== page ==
Heartbreakingly Disappointing | The Siren Review
This is very heartbreaking. I had such high expectations for this book. Really, I did. But once again, Kiera Cass has messed up a book which could have been amazing! *Sigh*
This standalone novel is about Kahlen, a girl who was supposed to die with her family in a sinking ship. However, the Ocean gives her a second chance for life, on the condition that Kahlen serves Her for a hundred years as a siren, singing and causing ships to sink. Eighty years later, Kahlen is still serving the Ocean, along with a few other girls in a similar situation. Then, she meets Alkini and they fall in love with even though it’s forbidden by the Ocean.
"Then everything in my head slowed down. All the time? How was I supposed to manage that? After all the work it took to get through one date, how was I supposed to make it to ten? Or even two?
I watched Akinli, his smile lighting up the crowd, a natural charisma floating around him. This had been special, beautiful even. But it wasn’t sustainable. Eventually, something would rouse his suspicions. Why didn’t I ever get hurt? Why didn’t my weight ever change? Why did I have to disappear at random?
I felt so foolish. In the best version of this, he’d age while I didn’t, and then when my time as a siren was over, I’d forget all about him."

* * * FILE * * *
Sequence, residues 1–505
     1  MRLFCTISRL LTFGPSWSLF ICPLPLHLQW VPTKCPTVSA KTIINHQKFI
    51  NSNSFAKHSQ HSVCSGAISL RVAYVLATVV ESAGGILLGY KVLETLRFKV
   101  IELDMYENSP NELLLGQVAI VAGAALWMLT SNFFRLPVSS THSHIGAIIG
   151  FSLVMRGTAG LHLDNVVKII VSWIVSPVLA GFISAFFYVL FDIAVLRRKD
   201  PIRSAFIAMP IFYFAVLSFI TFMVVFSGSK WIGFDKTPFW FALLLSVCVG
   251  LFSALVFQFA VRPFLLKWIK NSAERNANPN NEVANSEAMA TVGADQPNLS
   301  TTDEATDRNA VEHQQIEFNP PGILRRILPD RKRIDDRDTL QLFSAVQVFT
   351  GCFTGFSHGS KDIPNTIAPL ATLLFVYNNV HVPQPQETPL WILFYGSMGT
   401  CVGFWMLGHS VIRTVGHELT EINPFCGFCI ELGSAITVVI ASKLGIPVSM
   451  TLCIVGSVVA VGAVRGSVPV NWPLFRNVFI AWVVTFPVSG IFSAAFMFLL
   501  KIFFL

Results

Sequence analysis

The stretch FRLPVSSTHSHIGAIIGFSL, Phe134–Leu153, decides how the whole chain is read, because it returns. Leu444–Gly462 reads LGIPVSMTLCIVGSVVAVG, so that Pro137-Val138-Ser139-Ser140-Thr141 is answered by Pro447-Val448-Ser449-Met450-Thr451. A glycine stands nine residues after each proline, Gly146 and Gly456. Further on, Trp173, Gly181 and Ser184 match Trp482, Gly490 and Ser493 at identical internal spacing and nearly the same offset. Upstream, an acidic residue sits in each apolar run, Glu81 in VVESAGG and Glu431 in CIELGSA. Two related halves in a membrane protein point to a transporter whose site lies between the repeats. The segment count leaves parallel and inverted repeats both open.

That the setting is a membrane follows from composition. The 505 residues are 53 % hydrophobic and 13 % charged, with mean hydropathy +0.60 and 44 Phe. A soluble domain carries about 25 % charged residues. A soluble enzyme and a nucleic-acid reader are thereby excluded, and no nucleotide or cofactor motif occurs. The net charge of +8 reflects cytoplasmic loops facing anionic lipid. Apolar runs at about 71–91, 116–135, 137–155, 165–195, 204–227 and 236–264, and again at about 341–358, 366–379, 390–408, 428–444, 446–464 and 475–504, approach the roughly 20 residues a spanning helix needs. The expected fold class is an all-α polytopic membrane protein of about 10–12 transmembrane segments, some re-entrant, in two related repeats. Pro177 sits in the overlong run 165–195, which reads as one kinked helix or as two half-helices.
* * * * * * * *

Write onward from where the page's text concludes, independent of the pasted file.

The relationship between Kahlen and her “sisters” is very heart-warming. They all support each other and get along well (most of the time).
"I watched them, marveling at the fact that three such different people, born to different places and times and customs, could balance one another out so well. Even Aisling, when she chose to leave her self-imposed solitude and stay with us for a while, fit like a puzzle piece."
Other than that, I couldn’t really find much that I liked about this book. At the very beginning, the plot was very intriguing. But a few chapters in, the plot started sagging and it was almost impossible to feel interested in reading the book.
Furthermore, Alkini’s character didn’t have much depth. He just seems too good to be true, being so nice and polite all the time, with no dark side whatsoever.
"He ran his hand through his hair, the modern-day equivalent of “Good day, miss,” and pointed at the books. “My mom says the secret to making good baked stuff is to use a warm bowl. Not that I’d know. I can hardly make cereal without burning it.”
His grin suggested that this was only too true, and I was slightly charmed as he bashfully tucked a hand into his pocket."
I also thought that the love-at-first-sight concept was absolutely ridiculous. How the hell could the main character would fall in love (or at least develop a crush on) Alkini from the first moment she saw him? I think The Selection and The Forbidden Library, or perhaps even The Wrath and the Dawn, were much better than The Siren since the main characters and their respective love interests gradually fall in love, rather than develop affection for each other within the very first second.
"First, he was just so, so, so cute! Second, he sent me a picture! I had a picture of a boy that he took just for me, and it felt bigger than anything I’d experienced in the last century."
Besides, the language was very, very plain – too simple and bland for my taste. There weren’t any similes, metaphors, personification, or even any language remotely resembling prose. And so, the final nail in this book’s coffin was driven in and I lost all interest in reading The Siren.
In my opinion, The Siren is not a worthwhile read, unless you happen to be one of Kiera Cass’s loyal fans.